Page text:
Is Twitter’s “Favourite” Becoming the New “Like”?

I got asked a question by Susan, one of my followers, last week. She was wondering what the appropriate way to thank someone who favourites one of your tweets was.

I’ll get back to my answer in a sec, but first, let’s talk about that little star.

Screen Shot 2014-03-16 at 8.29.36 AM

On any given tweet, there are a series of buttons just below it. These buttons allow you to reply to the original tweeter (and anyone else who is @mentioned in the tweet), retweet the tweet, or favourite it. The “favourite” button is the one that looks like a little star.

When you favourite a tweet, it saves or bookmarks that tweet for you. In order to see your favourites, head to your twitter profile (ie: twitter.com/yourusername) and the second-last tab is your favourites.

I must confess, I’ve been on Twitter a long, long time, and it’s the feature I use the least. I primarily use it when I see a tweet with a link that looks interesting that I eventually want to go back to and read, but don’t have the time to right now. I use it as an alternative to Delicious (which is how I save and bookmark links that I want to come back to later either to share through my feeds, or to write blog posts about).

Over the last year or so, I’ve seen the amount of favouriting increase dramatically on my feed. Not just other people favouriting my tweets, but all over twitter, tweeps are favouriting up a storm.

It’s starting to feel to me like hitting the “favourite” button on Twitter is becoming the new “Like.”

Favouriting has two purposes: first, of course, it saves the tweet for you in a place where you can easily find it. This is handy, when, 3 days later, you’re trying to sift through hundreds of tweets to find that link that that guy tweeted you. Secondly, though, it sends a notification to the person who sent the tweet that it’s been favourited.

Many people are using it as a way to try to capture the attention of someone they want to follow them back, thinking, someone sees you’ve favourited one of their tweets, they will click on your profile and see who you are, and then, if sufficiently interested, follow you. Some people have even used this to create a scam.

Screen Shot 2014-03-16 at 8.37.20 AM

Personally, I have two problems with this. First off, I very seldom actually use Twitter.com. I primarily use Hootsuite, and the “Favourite” button is more hidden (below a menu pull-down), and therefore not as easily accessible as it is on Twitter. com. Secondly, I have all my notifications turned off. Nothing personal, just with 6700+ followers, would be getting 500,000 emails a day if I had notifications turned on on all of my Facebook, Twitter, Vine, etc etc etc… I do keep notifications turned on on my phone, and I do keep notifications for things that I feel are important priorities, like DMs and @mentions. I want to be able to receive and reply to those as soon as possible. So, it’s pretty safe to say, if you favourite one of my tweets, I won’t take a lot of notice.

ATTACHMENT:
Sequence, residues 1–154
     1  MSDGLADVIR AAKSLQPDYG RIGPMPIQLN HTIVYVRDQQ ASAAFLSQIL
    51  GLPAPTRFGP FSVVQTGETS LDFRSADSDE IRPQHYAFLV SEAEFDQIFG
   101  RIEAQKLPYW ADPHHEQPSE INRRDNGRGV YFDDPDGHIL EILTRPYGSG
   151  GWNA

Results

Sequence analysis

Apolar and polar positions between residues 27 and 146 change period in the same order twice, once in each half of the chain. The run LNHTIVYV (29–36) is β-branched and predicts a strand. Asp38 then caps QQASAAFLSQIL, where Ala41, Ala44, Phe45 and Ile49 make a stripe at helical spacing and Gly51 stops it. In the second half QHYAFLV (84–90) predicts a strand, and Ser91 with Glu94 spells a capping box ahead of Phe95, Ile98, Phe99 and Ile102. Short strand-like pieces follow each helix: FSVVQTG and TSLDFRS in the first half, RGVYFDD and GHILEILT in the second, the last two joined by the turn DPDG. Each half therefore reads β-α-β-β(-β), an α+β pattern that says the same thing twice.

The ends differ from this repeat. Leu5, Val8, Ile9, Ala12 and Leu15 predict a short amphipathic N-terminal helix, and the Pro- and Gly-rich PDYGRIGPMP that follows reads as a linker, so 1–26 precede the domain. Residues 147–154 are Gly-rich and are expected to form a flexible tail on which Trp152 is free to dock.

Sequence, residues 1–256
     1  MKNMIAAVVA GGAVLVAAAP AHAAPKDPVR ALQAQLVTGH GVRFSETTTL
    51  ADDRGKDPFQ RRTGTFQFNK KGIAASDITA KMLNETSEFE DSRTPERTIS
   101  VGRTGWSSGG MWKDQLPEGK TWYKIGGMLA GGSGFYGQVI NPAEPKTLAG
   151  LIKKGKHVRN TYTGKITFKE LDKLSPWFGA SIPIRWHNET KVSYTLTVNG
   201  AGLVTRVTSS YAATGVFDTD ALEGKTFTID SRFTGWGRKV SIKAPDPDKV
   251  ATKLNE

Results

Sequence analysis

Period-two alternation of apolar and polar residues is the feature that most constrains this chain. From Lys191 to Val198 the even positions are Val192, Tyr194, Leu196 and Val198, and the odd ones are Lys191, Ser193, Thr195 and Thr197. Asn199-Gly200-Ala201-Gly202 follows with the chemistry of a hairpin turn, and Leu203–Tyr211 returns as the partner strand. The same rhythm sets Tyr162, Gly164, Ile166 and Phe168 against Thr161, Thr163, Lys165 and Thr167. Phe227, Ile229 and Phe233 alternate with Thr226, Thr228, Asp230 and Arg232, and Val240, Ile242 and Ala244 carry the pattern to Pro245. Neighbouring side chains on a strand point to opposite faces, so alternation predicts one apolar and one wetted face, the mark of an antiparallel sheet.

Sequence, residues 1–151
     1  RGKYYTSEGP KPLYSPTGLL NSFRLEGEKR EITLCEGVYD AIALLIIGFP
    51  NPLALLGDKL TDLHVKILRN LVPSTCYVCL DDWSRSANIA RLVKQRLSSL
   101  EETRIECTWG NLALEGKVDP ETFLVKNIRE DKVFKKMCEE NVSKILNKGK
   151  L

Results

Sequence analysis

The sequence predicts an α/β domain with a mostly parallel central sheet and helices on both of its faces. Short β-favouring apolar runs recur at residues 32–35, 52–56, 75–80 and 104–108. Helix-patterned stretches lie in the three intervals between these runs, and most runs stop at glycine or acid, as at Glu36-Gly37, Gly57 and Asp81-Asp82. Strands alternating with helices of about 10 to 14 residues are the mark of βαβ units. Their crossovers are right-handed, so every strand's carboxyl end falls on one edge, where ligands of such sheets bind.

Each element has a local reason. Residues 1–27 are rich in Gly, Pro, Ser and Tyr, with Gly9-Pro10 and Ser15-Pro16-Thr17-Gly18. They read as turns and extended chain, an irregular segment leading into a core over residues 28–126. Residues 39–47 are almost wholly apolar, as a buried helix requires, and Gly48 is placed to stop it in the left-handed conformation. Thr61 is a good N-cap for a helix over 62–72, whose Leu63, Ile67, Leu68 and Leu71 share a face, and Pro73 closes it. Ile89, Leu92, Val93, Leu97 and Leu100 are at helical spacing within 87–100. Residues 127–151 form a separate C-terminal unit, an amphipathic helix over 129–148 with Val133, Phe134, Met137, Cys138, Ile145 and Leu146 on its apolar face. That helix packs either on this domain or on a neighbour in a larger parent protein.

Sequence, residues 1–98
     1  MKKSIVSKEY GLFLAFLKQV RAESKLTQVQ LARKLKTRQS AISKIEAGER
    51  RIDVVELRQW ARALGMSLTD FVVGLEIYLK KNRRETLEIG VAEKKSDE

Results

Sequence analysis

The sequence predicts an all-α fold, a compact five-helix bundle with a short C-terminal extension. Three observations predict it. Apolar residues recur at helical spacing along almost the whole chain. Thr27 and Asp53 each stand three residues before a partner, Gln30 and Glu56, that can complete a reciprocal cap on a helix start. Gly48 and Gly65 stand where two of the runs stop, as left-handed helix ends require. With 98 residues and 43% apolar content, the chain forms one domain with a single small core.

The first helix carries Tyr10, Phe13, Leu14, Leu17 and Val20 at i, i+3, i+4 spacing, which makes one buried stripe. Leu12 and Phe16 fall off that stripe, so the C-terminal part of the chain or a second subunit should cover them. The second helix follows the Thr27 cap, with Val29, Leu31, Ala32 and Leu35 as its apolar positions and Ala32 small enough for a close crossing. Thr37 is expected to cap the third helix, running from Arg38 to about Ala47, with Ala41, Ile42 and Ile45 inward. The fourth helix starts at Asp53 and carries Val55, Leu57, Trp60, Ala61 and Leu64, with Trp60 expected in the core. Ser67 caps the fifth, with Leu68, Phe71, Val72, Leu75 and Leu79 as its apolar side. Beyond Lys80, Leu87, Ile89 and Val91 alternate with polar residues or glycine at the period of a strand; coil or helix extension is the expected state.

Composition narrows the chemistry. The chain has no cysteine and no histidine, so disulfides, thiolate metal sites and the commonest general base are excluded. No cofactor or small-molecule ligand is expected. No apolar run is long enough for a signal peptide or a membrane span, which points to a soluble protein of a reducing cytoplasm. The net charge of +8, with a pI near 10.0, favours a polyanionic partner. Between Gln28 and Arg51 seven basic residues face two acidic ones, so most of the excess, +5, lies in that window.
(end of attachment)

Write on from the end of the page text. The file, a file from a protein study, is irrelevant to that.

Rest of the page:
I’m more interested in retweets. A retweet has a lot more social clout than a favourite, because it goes out to the retweeter’s twitter following. It introduces me to a potential new audience, and that is awesome. A favourite does nothing for my Twitter reach.

So, how did I answer Susan’s question? Well, I first of all, I had to confess that I wasn’t probably the right person to ask (because I do nothing), and then I did some research. I don’t think there is a protocol (like how many people thank the people that RT their stuff publicly) for thanking people that favourite your tweets. As a courtesy, it might be nice to look at their profile, and perhaps follow them. But I think that’s about it.

My fear is, that the favourite is going to become overused. The more people favourite tweets (including ones that don’t have links that you want to bookmark for later, which is the utilitarian usage for favouriting), the more ubiquitous they become. Does that diminish their value? Only time will tell.

By the way, if you get tons of favourites, and you want to try to monetize them, check out Flattr.

What are your thoughts on Favourites? Do you use them? Do you not? And do you find them useful or overused? I’d love to hear your comments.

Further reading:  5 Reasons People Favourite Tweets

 

If you enjoyed this post, make sure you subscribe to my RSS feed. You can also Subscribe via email.
(Visited 40 times, 1 visits today)
Rebecca Coleman

Social Media Marketing Strategist, Blogger, Author, Teacher, Trainer. Passionate foodie, mom to Michael, fueled by Americanos. I love my bike. Soon-to-be cookbook author. Localvore with a wanderlust.

Comments 2

  1. I originally used “favourite” in a manner similar to how you suggest – to mark those tweets I wanted to mark and have the chance to go back to. However, over time, even with a modest number of favourites, that purpose became less useful. With the passage of time, it seemed to make less sense to do that, as I didn’t really need an archive of tweets I favoured/liked. I now pretty much use “favourite” as Twitter’s “like” button.

Leave a Reply